US warplanes among those barred from flying over Syria’s ‘safe zones’ in proposal

May 4: Russian lead negotiator on Syria Alexander Lavrentyev, Iranian Deputy Foreign Minister Hossein Jaberi Ansari, Kazakh Foreign Minister Kairat Abdrakhmanov and U.N. Special Envoy for Syria Staffan de Mistura attend the fourth round of Syria peace talks in Astana, Kazakhstan (Reuters)

Fox News, May 5, 2017:

U.S. and coalition military planes will not be allowed to fly over designated “safe zones” in Syria under a Russian proposal that has the backing of Iran and Turkey, reports said Friday.

The reports did not indicate how the airspace would be enforced and the overall proposal appeared to be a work in progress.

Russian official Alexander Lavrentyev suggested in peace talks on Friday that all military aircraft — including Russian and Turkish — would also be barred from the designated zones. Under the Russian plan, President Bashar Assad’s air force would halt flights over the safe zones.

Lavrentyev, whose remarks were carried by Russian news agencies, said “the operation of aviation in the de-escalation zones, especially of the forces of the international coalition, is absolutely not envisaged, either with notification or without. This question is closed.”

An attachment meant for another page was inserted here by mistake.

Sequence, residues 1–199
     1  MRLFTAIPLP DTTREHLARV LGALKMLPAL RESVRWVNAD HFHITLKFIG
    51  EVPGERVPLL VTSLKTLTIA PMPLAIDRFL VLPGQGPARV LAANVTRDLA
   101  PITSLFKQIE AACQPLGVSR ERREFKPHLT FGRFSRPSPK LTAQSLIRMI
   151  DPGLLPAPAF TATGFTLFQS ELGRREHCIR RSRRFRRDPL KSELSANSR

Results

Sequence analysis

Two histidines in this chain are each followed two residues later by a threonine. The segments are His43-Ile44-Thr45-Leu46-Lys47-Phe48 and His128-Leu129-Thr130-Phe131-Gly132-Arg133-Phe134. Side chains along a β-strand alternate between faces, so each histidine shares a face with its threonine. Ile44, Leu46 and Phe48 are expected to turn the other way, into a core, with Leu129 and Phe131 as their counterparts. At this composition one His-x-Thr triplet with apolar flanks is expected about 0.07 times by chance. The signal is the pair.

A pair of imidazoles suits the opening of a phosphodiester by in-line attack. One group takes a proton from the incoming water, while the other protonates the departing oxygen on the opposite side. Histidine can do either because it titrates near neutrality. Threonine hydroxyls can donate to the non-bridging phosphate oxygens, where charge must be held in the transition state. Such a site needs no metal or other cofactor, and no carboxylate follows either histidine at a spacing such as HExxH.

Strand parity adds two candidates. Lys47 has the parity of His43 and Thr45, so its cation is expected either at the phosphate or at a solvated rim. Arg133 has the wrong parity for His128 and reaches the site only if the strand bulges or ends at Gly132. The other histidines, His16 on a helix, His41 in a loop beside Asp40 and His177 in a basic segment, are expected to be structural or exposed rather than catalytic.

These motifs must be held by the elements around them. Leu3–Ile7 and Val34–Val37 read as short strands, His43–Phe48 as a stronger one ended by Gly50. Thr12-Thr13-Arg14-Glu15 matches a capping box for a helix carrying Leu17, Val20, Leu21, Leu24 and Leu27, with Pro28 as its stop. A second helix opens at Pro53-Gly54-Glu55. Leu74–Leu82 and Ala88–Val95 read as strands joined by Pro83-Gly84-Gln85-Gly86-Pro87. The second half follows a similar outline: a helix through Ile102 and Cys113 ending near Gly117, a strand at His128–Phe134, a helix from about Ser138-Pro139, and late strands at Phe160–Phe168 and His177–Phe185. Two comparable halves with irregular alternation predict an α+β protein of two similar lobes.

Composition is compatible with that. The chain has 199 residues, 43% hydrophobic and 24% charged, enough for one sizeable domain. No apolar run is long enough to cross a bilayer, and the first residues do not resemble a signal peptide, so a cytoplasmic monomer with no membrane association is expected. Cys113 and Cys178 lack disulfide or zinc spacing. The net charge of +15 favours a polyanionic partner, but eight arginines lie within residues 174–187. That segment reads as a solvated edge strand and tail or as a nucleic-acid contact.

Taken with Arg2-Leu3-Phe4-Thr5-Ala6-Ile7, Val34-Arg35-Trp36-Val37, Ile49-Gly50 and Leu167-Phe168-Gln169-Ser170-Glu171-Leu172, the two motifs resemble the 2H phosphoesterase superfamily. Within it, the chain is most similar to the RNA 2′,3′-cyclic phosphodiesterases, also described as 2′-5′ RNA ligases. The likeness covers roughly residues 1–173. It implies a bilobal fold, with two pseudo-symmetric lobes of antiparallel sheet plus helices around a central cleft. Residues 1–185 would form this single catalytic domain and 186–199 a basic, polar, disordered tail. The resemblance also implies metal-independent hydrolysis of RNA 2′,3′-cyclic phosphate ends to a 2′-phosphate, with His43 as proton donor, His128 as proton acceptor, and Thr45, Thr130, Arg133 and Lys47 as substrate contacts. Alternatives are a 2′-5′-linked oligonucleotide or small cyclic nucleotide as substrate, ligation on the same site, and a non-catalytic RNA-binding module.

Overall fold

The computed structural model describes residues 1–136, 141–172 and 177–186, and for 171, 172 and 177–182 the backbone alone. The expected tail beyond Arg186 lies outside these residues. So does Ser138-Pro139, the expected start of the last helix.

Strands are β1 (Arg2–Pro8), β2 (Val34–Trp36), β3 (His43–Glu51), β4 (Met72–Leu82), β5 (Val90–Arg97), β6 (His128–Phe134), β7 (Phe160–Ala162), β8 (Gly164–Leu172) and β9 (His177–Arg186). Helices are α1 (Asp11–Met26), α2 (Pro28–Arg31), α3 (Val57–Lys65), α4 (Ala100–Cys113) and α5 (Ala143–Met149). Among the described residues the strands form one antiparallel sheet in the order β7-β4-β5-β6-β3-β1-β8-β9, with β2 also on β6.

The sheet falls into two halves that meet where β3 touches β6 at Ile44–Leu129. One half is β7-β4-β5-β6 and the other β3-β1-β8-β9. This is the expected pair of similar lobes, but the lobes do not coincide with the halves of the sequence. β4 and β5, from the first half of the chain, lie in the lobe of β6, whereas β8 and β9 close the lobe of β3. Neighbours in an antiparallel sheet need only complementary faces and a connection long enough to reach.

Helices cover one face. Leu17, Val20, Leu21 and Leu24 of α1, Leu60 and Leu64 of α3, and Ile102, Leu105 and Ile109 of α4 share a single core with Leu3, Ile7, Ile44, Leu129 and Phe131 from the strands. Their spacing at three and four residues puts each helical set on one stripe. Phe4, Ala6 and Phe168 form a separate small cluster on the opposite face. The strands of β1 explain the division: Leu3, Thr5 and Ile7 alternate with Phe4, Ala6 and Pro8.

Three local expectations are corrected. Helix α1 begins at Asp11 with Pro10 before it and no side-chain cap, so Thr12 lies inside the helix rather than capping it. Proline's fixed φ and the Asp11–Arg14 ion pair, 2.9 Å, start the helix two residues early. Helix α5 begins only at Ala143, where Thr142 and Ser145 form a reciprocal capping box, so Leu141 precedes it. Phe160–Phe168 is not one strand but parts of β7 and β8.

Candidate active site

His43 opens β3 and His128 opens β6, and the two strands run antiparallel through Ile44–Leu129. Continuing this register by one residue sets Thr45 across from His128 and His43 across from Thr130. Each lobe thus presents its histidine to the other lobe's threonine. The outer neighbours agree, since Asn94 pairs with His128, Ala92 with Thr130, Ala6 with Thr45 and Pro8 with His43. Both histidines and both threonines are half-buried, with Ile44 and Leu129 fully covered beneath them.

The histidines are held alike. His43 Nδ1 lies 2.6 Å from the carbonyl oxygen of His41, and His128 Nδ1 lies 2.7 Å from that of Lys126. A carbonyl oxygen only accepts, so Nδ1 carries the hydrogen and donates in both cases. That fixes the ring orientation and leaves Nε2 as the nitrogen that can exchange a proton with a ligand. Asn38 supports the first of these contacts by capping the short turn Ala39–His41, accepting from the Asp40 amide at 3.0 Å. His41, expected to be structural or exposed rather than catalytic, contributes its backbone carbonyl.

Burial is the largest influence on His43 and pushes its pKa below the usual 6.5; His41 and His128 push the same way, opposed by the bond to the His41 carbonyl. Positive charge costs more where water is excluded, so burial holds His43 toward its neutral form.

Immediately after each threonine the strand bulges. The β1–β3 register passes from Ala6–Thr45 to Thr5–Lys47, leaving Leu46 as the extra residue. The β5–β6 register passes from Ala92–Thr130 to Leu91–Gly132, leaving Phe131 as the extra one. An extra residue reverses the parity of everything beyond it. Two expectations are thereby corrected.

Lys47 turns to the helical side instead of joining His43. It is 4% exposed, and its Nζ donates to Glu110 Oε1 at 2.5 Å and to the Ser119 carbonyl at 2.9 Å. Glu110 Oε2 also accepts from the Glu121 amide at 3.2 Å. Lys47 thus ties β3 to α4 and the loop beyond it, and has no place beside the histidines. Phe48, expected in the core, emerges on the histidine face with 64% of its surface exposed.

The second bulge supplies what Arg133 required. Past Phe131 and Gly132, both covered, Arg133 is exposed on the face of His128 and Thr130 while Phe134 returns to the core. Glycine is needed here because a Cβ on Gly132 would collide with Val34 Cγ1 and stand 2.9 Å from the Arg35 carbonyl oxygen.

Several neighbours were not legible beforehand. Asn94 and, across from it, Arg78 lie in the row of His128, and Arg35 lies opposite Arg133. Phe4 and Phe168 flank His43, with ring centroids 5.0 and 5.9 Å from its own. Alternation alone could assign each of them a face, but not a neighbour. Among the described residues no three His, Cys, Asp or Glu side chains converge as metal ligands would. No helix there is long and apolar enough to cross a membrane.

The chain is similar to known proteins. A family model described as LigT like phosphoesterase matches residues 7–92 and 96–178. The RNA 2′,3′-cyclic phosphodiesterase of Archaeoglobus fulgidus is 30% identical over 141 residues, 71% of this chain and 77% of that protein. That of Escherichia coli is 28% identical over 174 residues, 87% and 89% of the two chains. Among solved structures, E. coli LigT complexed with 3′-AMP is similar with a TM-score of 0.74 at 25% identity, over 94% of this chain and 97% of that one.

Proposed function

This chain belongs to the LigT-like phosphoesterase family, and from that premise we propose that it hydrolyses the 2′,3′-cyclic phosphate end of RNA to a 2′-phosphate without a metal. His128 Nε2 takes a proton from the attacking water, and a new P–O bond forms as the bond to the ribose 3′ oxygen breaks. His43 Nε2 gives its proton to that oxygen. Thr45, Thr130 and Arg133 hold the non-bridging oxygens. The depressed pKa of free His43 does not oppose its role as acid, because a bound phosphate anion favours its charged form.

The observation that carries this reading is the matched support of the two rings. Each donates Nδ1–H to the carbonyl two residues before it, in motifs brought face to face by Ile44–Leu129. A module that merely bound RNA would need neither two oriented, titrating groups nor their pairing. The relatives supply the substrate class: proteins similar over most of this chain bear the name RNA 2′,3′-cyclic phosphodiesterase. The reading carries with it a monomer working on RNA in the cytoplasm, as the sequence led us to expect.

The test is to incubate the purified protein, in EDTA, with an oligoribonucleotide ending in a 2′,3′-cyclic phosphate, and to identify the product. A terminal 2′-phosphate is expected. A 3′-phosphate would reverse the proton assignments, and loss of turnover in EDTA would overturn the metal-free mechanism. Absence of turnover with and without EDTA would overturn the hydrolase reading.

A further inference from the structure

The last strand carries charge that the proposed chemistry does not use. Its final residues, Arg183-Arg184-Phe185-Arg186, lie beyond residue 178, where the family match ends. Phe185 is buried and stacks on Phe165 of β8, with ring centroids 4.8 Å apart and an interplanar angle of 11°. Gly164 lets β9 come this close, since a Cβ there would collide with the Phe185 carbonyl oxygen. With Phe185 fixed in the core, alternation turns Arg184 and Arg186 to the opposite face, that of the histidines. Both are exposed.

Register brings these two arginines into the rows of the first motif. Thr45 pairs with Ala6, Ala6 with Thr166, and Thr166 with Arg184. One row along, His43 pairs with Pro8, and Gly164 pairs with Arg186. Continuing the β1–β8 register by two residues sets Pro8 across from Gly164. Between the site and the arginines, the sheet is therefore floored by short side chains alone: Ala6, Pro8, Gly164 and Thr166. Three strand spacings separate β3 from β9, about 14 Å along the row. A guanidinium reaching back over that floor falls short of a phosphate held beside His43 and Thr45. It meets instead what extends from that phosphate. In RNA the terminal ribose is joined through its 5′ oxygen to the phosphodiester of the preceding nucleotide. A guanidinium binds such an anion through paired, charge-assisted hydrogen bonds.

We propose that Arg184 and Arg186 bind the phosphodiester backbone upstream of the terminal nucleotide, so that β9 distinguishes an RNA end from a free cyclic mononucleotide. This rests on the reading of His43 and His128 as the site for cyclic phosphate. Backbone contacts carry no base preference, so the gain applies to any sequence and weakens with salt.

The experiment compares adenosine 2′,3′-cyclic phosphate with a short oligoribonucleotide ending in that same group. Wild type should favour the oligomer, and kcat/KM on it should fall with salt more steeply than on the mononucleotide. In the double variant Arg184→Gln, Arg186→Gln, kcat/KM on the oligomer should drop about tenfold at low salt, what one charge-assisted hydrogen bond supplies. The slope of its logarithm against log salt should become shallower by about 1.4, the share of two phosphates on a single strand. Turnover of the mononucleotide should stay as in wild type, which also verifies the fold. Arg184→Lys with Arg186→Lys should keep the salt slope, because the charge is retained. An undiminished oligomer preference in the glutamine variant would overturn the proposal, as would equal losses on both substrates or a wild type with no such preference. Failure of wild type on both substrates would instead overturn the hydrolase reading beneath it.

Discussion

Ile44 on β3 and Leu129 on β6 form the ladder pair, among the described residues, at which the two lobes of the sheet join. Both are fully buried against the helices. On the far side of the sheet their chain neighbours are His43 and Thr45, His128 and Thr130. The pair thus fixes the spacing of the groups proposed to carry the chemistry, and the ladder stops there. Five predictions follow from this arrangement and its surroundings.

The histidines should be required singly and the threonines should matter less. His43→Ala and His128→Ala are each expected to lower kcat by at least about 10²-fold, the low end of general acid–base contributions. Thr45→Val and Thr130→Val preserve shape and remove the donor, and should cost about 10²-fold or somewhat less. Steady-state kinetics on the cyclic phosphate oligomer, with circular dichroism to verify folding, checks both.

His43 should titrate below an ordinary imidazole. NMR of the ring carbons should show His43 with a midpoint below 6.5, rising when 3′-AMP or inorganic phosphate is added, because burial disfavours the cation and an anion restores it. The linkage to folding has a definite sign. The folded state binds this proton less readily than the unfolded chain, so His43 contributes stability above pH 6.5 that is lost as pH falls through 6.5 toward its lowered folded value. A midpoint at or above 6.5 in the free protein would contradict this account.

Russian President Vladimir Putin on Wednesday said he had a “very good” conversation over the phone with President Trump, and that his U.S. counterpart agreed to a proposal to establish Syrian safe zones to protect civilians in the war-torn country.

But the White House only confirmed that the two leaders discussed the safe zones, not that there were any agreements.

Reuters reported that countries such as Iran and Turkey have agreed on Moscow’s proposal for the “de-escalation zones.” The United Nations also welcomed the plan.

The proposal presented to the rebels in Astana delineates four zones in Syria where front lines between the government and rebels would be frozen and fighting halted, according to a statement made by the rebels. The four zones include areas in the provinces of Idlib and Homs, the eastern Ghouta suburbs outside Damascus, and an area in the south of the country.

The zones, according to the document received by rebels, would be monitored by international observers and allow for the voluntary return of refugees.

Late Wednesday, Syria’s Foreign Ministry said Damascus is “fully backing” the Russian initiative on the four cease-fire areas, according to the state-run SANA news agency.

But Ahmed Ramadan, an opposition representative, told The Associated Press that rebels requested a written answer on a number of questions, including why the cease-fire would only be in effect in the four areas instead of a nationwide truce.

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